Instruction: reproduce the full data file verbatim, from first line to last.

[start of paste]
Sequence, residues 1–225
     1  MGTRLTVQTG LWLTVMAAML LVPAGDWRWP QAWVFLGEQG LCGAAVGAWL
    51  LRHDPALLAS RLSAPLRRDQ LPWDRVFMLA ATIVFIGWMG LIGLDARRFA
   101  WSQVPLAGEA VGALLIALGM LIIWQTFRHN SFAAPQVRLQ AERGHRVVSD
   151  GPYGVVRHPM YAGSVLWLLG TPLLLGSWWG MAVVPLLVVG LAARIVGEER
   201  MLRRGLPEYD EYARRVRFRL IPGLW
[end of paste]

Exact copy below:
Sequence, residues 1–225
     1  MGTRLTVQTG LWLTVMAAML LVPAGDWRWP QAWVFLGEQG LCGAAVGAWL
    51  LRHDPALLAS RLSAPLRRDQ LPWDRVFMLA ATIVFIGWMG LIGLDARRFA
   101  WSQVPLAGEA VGALLIALGM LIIWQTFRHN SFAAPQVRLQ AERGHRVVSD
   151  GPYGVVRHPM YAGSVLWLLG TPLLLGSWWG MAVVPLLVVG LAARIVGEER
   201  MLRRGLPEYD EYARRVRFRL IPGLW